General Motors has signed an agreement with car rental giant Hertz Corp. to help funnel more loaner vehicles to dealerships amid the global microchip shortage.
As an enhancement to GM's existing Dealer Courtesy Transportation Program, Hertz will provide loaner vehicles to dealers at the automaker's current rate, a GM spokesperson confirmed to Automotive News. Hertz's primary focus will be providing Chevrolet Bolt customers with loaners during the recall process.
AutoForecast Solutions estimates that the global industry has lost 8.36 million vehicles from planned production because of the chip shortage. About 2.7 million of those vehicles were cut from North America production plans.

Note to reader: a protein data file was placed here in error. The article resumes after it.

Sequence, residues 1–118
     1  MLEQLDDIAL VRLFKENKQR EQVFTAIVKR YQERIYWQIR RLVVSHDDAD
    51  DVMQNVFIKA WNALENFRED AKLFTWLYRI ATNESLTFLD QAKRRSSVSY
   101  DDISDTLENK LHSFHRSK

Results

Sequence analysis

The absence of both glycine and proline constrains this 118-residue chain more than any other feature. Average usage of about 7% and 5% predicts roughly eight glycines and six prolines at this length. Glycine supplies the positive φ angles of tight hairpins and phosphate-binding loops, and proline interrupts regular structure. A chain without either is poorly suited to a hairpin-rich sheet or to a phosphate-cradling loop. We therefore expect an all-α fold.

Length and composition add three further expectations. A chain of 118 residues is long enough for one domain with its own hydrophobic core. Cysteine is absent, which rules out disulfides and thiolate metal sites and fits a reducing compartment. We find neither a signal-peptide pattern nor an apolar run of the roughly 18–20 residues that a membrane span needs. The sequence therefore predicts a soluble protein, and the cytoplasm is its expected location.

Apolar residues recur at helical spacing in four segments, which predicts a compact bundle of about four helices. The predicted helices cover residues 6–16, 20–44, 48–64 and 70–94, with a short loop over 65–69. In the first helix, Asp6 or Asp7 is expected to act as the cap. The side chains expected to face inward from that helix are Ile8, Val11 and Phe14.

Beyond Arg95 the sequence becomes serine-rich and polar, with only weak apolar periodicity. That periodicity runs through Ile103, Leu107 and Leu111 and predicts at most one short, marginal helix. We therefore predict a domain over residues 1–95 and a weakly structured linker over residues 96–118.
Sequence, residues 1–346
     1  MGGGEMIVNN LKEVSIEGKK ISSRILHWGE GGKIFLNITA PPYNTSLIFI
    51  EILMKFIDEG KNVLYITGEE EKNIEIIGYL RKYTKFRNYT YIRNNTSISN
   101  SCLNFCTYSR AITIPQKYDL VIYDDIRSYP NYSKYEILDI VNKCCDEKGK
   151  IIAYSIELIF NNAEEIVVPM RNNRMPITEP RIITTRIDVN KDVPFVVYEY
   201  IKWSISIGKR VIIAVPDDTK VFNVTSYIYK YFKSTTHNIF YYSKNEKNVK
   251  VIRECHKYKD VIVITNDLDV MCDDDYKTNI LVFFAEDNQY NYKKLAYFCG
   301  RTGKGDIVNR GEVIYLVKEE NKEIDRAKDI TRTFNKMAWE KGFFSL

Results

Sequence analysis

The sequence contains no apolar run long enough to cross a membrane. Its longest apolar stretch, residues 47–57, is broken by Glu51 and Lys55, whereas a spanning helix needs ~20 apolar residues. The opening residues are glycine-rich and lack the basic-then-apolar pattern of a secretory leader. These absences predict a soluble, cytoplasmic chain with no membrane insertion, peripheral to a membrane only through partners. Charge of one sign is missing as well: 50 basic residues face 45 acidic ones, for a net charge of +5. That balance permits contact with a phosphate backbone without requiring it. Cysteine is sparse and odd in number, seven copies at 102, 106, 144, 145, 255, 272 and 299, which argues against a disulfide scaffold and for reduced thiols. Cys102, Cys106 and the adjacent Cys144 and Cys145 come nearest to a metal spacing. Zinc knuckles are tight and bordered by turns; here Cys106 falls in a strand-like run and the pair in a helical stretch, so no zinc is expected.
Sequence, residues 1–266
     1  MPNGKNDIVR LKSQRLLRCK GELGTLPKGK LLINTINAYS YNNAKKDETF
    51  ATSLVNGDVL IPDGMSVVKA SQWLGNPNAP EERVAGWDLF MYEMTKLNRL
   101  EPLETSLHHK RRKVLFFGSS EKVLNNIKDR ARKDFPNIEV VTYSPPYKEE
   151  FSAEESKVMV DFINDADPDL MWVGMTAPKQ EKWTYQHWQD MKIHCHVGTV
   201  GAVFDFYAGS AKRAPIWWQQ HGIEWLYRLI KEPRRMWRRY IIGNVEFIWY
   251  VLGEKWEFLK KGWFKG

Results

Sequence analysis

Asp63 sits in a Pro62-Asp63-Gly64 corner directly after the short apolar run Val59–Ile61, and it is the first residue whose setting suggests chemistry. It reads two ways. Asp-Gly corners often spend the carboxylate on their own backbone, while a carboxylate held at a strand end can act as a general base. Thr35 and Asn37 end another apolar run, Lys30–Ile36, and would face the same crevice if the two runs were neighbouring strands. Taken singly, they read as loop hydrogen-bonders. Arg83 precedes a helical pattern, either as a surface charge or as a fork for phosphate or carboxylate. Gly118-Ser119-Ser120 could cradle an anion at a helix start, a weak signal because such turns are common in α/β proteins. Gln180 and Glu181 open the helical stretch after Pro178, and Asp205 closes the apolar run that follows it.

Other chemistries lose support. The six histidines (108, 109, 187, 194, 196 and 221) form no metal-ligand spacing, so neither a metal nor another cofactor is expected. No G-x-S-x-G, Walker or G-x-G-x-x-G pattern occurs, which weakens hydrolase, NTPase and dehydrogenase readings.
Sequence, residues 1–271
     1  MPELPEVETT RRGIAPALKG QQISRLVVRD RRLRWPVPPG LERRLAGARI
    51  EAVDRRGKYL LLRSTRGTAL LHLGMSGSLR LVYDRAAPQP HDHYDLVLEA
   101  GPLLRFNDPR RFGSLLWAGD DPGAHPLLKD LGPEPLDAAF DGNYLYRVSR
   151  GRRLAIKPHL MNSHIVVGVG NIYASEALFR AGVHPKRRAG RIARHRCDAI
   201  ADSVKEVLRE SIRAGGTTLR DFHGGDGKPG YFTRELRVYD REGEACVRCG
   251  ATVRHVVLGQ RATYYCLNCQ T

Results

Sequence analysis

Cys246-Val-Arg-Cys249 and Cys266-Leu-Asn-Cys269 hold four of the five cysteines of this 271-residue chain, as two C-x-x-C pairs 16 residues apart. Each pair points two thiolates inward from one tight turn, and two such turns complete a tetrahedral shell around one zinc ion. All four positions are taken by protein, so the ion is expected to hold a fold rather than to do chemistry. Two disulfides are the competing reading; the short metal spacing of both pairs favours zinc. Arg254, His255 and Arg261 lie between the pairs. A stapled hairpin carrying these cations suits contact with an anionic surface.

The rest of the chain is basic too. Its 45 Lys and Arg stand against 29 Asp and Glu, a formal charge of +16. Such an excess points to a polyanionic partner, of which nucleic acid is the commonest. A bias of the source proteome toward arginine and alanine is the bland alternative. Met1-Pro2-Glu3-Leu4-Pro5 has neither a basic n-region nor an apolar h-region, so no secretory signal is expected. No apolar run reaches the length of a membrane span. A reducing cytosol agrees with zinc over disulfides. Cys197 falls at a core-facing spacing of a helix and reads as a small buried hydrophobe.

GM this month doubled its production loss forecast to 200,000 vehicles in the second half of the year. The automaker continues to pause production at assembly plants, especially those that build crossovers and sedans, to redirect chips elsewhere and has built some vehicles without certain modules.
Hertz has locations in all 50 states and Washington, D.C. Rental car companies, like dealerships, have struggled to source inventory during the chip crisis. But direct access and a GM rate through Hertz will give dealers another channel for securing loaners. The Hertz loaner vehicles are based on local market availability, the GM spokesperson said.